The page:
At the Beginning of Our Beginning – Genesis 1
Whenever I teach poetry, I tell about reading the Bible in German for the first time. A friend had given me Martin Luther’s 1534 translation in a practical paperback edition from a German publisher known for their reference works in yellow, unadorned covers. The text itself was equally unadorned, for a Bible: no verse numbers, cross-references, or explanations in the margins. This was the Bible as a work of literature.
I began, as always, at the beginning and soon encountered a short passage in italics, which I assumed meant the words were somehow in question. The modern English translation of Scripture I usually read often indicates in some equally noncommittal way—a little squiggle before the text, a note in tiny letters in an obscure corner of the page—that a passage isn’t as reliable as the rest of the text. The story of the adulterous woman about to be stoned in John’s gospel, for example—which isn’t in the oldest source texts and is thus of questionable authority—is in italics beginning with John 7:53, “Then they all went home,” and ending where Jesus tells the woman, “Go now and leave your life of sin” (8:11 NIV). Having become a believer and Bible-reader after acquiring two graduate degrees in how texts operate, I’ve always been interested in, and not a little alarmed by, such textual problems.
According to the prefatory notes of the Luther Bible, though, the editors used italics merely to indicate passages originally in verse. Some indication of verse was necessary, they felt, because most poetic moves—such as line breaks, word play, and alterations of normal syntax—don’t survive translation. Readers have to be told that the passage they’re looking at was sung, not merely spoken, in the original.
Though my usual Bible sets the passage in from the left margin and breaks it into lines, I had never before read the words as verse, and the experience of doing so for the first time was transformative. It was a little song on the subject of God’s creation of people just like him:
So God created mankind in his own image,
in the image of God he created them;
male and female he created them. (Genesis 1:27)
To start a discussion about how poetry works, I ask my students, “Why would the writer use poetry here and nowhere else in the first chapter of Genesis?”
Eventually we decide that verse is more emphatic and full of feeling than prose, as well as more beautiful and thoughtful and concise—especially when the poetic burst comes, as here, in the midst of a passage in prose. The sudden poetry takes readers by surprise and focuses their attention on something important. Sadly, we lose most of this effect when we read the Bible, as most do, in translation.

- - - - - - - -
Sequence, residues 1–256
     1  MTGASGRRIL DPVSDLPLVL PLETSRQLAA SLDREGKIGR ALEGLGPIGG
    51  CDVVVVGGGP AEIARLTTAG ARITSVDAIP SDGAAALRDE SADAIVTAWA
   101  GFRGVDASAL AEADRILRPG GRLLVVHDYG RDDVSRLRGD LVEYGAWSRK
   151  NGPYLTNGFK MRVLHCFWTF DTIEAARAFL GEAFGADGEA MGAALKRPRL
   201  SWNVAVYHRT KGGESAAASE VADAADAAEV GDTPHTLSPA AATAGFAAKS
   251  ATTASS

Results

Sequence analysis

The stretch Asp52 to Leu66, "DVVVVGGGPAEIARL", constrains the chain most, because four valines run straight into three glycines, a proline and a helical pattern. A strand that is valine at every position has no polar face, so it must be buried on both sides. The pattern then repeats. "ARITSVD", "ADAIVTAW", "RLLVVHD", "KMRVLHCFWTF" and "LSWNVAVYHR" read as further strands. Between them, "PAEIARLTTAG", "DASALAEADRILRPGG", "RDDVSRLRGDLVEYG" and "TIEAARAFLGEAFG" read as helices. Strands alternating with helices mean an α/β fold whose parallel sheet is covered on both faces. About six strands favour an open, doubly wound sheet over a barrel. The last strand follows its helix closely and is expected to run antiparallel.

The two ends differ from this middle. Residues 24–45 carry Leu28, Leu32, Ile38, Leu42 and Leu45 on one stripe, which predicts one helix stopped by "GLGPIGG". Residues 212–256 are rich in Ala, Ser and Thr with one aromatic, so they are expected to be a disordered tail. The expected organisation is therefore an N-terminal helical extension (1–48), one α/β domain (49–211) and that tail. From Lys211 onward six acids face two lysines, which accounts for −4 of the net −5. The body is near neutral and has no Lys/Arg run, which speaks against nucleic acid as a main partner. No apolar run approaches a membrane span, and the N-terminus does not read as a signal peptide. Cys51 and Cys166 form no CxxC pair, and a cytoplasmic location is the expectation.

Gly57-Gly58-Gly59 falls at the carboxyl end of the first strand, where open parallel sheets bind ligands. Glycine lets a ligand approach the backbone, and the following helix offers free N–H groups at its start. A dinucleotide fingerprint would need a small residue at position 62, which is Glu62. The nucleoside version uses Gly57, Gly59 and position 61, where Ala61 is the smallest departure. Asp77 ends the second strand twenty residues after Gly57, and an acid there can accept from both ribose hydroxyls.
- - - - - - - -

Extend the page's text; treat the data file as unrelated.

In this instance, God has just created everything in the world and proposes to those present at the creation—his Son, the Spirit, and who knows what other inhabitants of heaven—“Let us make mankind in our image, in our likeness” (1:26). The Bible’s first poem pretty much repeats this information, adding little to our experience or understanding of it, unless we read it as poetry.
It could be that the writer of Genesis—arguably Moses—is excited by the idea of fellow humans being created in the Creator’s image. That would make sense, since, as I’m always telling beginning writers, “Humans prefer to read about humans.” I’m inclined to believe, though, that the enthusiasm expressed here is, in fact, God’s.
“Look what I have done!” he seems to be saying through his human interpreter. And when, in Genesis 2, we see the delightful details of that creative act—God touching us, breathing into us, setting us down in a special garden made just for us, giving us jobs similar to his own—we can see that something special is going on here.
“You have to see this!” the sung words seem to be exulting, and God’s poetic ecstasy previews what he will soon have to say about this ultimate product of his creative efforts. It’s not just good this time; it’s very good (1:31).
It thrills me to think of God’s enthusiasm for us, so like a mother’s for her newborn baby. For a moment, in the excited outpouring of love that this little poem in Genesis encapsulates, our Father seems as completely unaware as any human parent would be of the future misbehaviors and miseries that will beset this new creation. For a moment, we are, simply, held and admired. God seizes up a handful of dirt, breathes it alive, and is—in that moment, at the beginning of our beginning at least—well pleased with the results.
Patty Kirk is Writer in Residence and Associate Professor of Creative Writing at John Brown University in Siloam Springs, Arkansas. She and her husband Kris live in eastern Oklahoma and have two daughters, Charlotte and Lulu, who are in college. She is the author of five books, most recently The Easy Burden of Pleasing God and The Gospel of Christmas: Reflections for Advent. PattyKirk-Writer.Blogspot.com.